Tuesday, May 24, 2011

Stock Pile Segregation

Stockpiling aggregate in a large conical pile can create segregation. The finer materials will stay in the middle of the pile where they stick when they fall from the conveyor. The coarser materials will roll to the outside of the pile as shown below:

Segregation is especially prevalent in materials with a broad range of aggregate sizes (like base rock) or aggregates that are gap graded (like many perms). Why does segregation matter to you? In hot mix asphalt (HMA), segregation in the aggregates can lead to inconsistent feeds into the hot plant, and as you all know...junk in...junk out. In Caltrans QC/QA jobs, the pay factor is based partially on consistency. Even if you are within the specification band the entire time you are producing mix, if the gradation of the material varies by 5-6% you can end up paying the state a penalty fee instead of making a bonus off of the job. In addition to these potential costs, having poor gradations in your HMA can lead to pavement problems as well. If the gradation is too coarse (you pulled the aggregate only from the outside of the stockpile) your pavement can have poor compaction, raveling, and/or rutting. If the gradations are too fine (you pulled the aggregate only from the inside of the stockpile) your pavement can have flushing and/or bleeding problems.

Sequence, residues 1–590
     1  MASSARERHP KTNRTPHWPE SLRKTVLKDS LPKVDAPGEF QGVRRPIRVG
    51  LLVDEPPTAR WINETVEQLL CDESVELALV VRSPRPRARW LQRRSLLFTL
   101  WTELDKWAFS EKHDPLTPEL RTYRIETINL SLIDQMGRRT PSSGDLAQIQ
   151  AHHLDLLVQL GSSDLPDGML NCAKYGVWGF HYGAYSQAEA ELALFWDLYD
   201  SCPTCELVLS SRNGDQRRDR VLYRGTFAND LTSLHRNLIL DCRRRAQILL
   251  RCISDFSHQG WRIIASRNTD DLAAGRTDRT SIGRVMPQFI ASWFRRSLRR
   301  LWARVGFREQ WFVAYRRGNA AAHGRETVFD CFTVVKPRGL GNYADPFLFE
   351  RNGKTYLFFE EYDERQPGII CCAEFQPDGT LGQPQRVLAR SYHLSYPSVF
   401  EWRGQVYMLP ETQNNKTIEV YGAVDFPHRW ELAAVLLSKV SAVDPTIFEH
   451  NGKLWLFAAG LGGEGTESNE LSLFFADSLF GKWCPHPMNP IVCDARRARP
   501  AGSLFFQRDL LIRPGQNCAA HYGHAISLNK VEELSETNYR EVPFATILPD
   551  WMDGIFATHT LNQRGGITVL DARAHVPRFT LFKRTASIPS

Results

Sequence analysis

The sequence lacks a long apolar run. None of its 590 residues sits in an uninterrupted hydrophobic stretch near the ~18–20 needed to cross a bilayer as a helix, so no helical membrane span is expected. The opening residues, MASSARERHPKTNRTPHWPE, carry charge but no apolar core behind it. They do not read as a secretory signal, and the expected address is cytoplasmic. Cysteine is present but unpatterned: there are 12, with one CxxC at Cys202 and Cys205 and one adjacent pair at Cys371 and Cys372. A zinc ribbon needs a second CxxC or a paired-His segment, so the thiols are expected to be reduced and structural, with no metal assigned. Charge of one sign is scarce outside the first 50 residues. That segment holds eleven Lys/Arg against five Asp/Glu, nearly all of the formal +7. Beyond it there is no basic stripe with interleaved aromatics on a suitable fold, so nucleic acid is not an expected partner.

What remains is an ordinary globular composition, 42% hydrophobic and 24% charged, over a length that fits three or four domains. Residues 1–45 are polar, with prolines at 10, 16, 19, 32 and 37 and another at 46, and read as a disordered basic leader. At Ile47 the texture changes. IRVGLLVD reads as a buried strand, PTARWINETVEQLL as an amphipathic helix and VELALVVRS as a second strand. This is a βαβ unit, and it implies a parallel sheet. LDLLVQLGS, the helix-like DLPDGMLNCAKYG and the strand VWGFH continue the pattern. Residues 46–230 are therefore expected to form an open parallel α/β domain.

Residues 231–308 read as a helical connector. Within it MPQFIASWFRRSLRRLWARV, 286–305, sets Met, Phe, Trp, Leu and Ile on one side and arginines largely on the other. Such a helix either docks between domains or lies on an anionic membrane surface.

In concrete products, aggregate segregation can also lead to inconsistent feeds into the batch plant. If your gradations are too coarse, the concrete products can be hard to place and the strength can decrease. If the gradations are too fine, the shrinkage increases, water demand goes up, you need more cement, and/or the strength decreases.

So how do you combat segregation? One way is to use telescoping and/or radial conveyors. The smaller the distance that the material has to fall before it hits the top of the pile, the smaller the chance there is of the material segregating.  By utilizing a telescoping conveyor you can ensure that you are discharging the aggregate close to the top of the stock pile at all times.  In addition, you can use radial conveyors to create layered stockpiles, reducing the cone shape that seems to encourage segregation.  This type of stockpile is shown below:

If you can't justify a new conveyor you can also combat aggregate segregation using after production methods that I will talk about tomorrow. 

Have you used another type of equipment that helped you prevent segregation at your plant?

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